As we near the top, I’m looking forward to celebrating. The beginning is far, far below, and the finish is right over that last ledge. Ken’s the first to make it. When he’s in position, I start my final ascent. I’m ready to be done for the day. In order to get over the top ledge, I need to hug the rock and swing my leg up and over. This is a little awkward and a lot scary. I push my fear far into my gut and focus only on the details of the rock right in front of my face. No looking down now. I’m nearly there, so I give a tug on the lower rope to free up enough to get me to my destination. It doesn’t come easily. I pull some more. The rope seems stuck, but I manage to get just enough to pull myself over the side. Success.

Ken doesn’t look thrilled. “Why did you do that?” He’s glaring at me.

“The rope wouldn’t come.”

“It’s stuck.” By the look on his face I realize this is serious. “We can’t get John up here safely with it jammed like that.”

Oh. That may be the most he’s said to me all day, and his sharp tone stings.

Deflated, I sink to the ground and hug my knees. Ken leans over the edge of the cliff and ignores me as he begins to strategize with John. If John attempts that last pitch with a stuck rope, it’s like not having a rope at all. John knows that free climber is crazy, and he’s not crazy. He has his limits. He also realizes he’s not going to be able to free the rope from where he is. They decide the only option is to have Ken rappel from the top to loosen the rope.

Ken’s obviously nervous at the prospect of stepping over the edge of a 400 foot cliff. I become the silent one as he makes sure the rope is tight in his harness and sets up for a rappel. He checks and double checks, arranging and re-arranging the rope. I wonder about John who is quietly hanging onto the side of the granite wall waiting for rescue. He’s not known for his patience, but the next move is in Ken’s hands now. And I’m just the girlfriend in the way.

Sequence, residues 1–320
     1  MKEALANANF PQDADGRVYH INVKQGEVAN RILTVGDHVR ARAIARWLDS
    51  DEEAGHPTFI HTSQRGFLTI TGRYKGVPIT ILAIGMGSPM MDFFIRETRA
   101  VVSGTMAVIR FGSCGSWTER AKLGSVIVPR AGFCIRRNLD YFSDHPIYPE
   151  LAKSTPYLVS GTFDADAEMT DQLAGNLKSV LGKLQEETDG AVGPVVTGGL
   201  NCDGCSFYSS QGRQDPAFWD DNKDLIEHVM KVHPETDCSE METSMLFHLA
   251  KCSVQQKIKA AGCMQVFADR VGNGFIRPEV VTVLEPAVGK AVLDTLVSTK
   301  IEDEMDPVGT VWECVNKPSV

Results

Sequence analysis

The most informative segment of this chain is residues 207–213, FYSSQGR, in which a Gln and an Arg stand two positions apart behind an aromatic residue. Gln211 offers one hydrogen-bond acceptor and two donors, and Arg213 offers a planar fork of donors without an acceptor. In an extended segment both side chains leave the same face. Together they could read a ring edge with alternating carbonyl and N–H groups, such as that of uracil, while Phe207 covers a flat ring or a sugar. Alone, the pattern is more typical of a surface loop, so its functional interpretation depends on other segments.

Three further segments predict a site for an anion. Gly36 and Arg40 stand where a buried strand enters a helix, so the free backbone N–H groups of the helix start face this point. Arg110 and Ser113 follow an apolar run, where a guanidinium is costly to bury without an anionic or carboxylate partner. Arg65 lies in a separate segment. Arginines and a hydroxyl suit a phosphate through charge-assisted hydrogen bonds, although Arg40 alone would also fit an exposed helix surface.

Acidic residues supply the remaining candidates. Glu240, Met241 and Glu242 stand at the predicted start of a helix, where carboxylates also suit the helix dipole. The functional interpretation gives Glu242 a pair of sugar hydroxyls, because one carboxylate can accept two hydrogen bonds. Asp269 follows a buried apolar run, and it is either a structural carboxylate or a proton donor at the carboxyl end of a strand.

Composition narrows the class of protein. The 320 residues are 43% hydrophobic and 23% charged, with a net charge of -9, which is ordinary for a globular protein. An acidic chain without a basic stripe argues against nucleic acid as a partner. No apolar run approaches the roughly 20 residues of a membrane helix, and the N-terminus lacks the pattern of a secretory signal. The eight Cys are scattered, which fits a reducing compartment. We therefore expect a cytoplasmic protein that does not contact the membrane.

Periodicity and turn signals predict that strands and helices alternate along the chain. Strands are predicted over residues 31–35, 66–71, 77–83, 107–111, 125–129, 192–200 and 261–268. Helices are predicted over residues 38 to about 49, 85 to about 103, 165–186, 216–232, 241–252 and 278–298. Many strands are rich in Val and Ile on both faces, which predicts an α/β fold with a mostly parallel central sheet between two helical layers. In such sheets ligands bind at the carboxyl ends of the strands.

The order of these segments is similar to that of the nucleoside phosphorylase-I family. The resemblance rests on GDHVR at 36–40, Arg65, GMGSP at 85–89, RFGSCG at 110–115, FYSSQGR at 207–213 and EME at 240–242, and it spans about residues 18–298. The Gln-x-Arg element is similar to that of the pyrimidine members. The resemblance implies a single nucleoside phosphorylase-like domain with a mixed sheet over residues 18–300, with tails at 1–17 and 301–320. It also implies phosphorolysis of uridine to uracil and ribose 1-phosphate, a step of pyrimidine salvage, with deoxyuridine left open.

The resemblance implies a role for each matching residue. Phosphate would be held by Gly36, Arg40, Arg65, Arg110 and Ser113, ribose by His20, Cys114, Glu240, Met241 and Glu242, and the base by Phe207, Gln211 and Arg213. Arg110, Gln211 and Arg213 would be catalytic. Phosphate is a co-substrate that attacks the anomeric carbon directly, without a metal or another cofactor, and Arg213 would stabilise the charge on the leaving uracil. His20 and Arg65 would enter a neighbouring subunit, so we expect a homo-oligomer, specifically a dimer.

Ken finally stands, ready to step backward off the edge.

I’ve been watching his preparation, and suddenly my nerve endings tingle with a shock of realization. I speak to him calmly but firmly, “Wait. You’re not tied into anything.”

He stops and looks at me. All the fussing he’s done with the rope, and he has neglected to secure it to anything. That step backward, if he had taken it, would have been his last. He takes two steps forward, back onto the security of the broad stone platform.

I’m not relieved, I’m horrified. Horrified to imagine what could have happened if I hadn’t said something, if I hadn’t stopped him. Horrified that it was me who had gotten the rope stuck, and if I hadn’t been so eager, we wouldn’t be in this predicament at all.

Ken says nothing as he secures the rope for his rappel, I can’t look at him. I look at the ground, moving small stones around and making tiny cairns. I only glance up occasionally to see him laying the rope out carefully in order to follow it to its end, tying it to both a tree and a rock outcrop. Then he gives it a hard pull before disappearing over the side.

I hear but don’t watch as Ken and John work to loosen the rope. Once that task is complete it doesn’t take long before they’re both at the top, wrapping up their ropes and sorting gear. The walk back to the base is silent and when we return to camp, Ken disappears inside his one-man tent. John and I don’t talk about what happened at the top, and I’m not sure he really knows.

Since that day, I’ve bragged a lot about climbing that 400 foot cliff. I’ve got some pretty amazing photos to show friends. But I always leave out the part about risking, then saving, Ken’s life. It still haunts me.

Copyright Liz Behlke – 2015